The cuts also will have a “very substantial” impact on the private sector because of reductions in contract spending, Hale said, although he did not provide details. Uniformed personnel are exempt from the sequester.
Obama has backed a Democratic proposal to delay the scheduled reductions through the end of the year by adopting alternative spending cuts — largely by reducing expenditures on farm subsidies — and by limiting tax breaks that benefit the wealthy.
For the longer term, he favors raising new tax revenue from the wealthy and select industries and trimming spending on programs such as Medicare to generate savings. The steps would build on $2.5 trillion in deficit reduction already achieved through earlier deals.
Republicans say raising new tax revenue is out of the question and want to replace the defense part of the sequester with deeper cuts to other domestic programs, including Medicare and Medicaid. Republicans also say the federal budget must be balanced within 10 years, which would require far greater cost-cutting than the sequester.
The Pentagon memo was the latest in a long line of warnings about potential furloughs, which would not start until April because of a required notice period. Many details of who would be furloughed, on what days and for how long would be subject to bargaining with public employee unions.
The 20 percent pay cut would hit civilian defense employees hard, union officials said.
“Taking away one day’s pay every week could mean the difference between covering the mortgage and putting food on the table,” said J. David Cox, president of the American Federation of Government Employees, which represents 270,000 civilian defense workers.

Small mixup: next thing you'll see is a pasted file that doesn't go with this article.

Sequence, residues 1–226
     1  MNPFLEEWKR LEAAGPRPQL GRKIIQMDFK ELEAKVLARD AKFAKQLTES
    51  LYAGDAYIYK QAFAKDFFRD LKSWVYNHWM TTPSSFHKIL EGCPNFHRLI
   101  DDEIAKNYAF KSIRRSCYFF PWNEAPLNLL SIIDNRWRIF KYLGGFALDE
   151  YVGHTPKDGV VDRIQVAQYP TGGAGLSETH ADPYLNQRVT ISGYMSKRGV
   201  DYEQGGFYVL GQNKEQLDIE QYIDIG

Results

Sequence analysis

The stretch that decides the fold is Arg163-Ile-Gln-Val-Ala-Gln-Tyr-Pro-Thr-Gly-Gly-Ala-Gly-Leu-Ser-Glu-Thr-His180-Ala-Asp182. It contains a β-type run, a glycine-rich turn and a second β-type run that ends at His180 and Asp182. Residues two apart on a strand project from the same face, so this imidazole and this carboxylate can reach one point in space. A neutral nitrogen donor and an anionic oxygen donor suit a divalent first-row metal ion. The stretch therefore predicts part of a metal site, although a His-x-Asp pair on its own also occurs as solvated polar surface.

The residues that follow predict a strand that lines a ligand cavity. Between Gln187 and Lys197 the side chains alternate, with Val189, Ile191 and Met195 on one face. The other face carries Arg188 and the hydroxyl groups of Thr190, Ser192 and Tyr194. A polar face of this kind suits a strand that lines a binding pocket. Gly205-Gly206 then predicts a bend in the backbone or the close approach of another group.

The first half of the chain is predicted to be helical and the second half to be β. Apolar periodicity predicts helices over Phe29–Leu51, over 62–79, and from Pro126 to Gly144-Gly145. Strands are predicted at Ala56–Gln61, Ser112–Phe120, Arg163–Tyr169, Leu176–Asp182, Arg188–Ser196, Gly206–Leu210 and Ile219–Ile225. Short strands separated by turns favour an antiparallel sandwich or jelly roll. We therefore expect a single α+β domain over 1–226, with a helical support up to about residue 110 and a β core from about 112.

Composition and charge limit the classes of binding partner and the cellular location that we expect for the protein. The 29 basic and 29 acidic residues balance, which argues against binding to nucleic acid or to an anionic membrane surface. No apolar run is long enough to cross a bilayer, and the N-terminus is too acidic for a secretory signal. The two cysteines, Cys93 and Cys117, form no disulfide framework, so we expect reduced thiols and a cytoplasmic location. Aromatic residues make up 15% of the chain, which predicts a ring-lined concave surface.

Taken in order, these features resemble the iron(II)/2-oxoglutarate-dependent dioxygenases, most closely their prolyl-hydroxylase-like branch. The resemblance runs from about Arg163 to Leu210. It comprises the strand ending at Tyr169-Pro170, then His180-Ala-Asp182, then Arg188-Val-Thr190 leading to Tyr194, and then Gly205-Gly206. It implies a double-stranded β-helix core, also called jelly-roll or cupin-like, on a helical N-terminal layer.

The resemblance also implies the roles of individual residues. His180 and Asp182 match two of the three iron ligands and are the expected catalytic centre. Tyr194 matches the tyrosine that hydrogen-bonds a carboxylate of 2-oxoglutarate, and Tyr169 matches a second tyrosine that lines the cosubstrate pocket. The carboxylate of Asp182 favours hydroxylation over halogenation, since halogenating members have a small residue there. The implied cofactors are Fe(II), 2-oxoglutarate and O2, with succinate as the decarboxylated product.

“It really scares the hell out of me,” said a Pentagon official who has worked for the government for more than 12 years.
The official, who spoke on the condition of anonymity because he was not authorized to discuss the matter, said he is particularly worried about making ends meet this year. “It’s going to affect my retirement and now I have a new baby, so my expenses are going to go up with day care and formula and diapers and everything else.”
Dave Miller, a Pentagon intelligence analyst, said that “cutting salaries is like cutting people. It’s the lifeblood of the department.”
“Our younger folks are really going to be hurt by this significantly,” he said. “They just want to do their jobs.”
Pentagon chiefs have been warning in recent days that the reductions are likely to significantly weaken the readiness of a force reeling from the wear and tear of two long wars. If the budget is cut according to the congressional guidelines, by the end of the year, Hale said, two thirds of the Army’s brigade combat teams will be unfit for deployment.
“It could affect their ability to deploy to new contingencies that come up, or even, if it goes on long enough, to Afghanistan.”
Panetta held out hope in the memo that the cuts might be avoided. Even if a deal between the White House and Republicans doesn’t materialize by March 1, when the automatic cuts will take effect, the parties could reach an agreement that spares the Pentagon.
Steve Vogel, Lisa Rein and David Nakamura contributed to this report.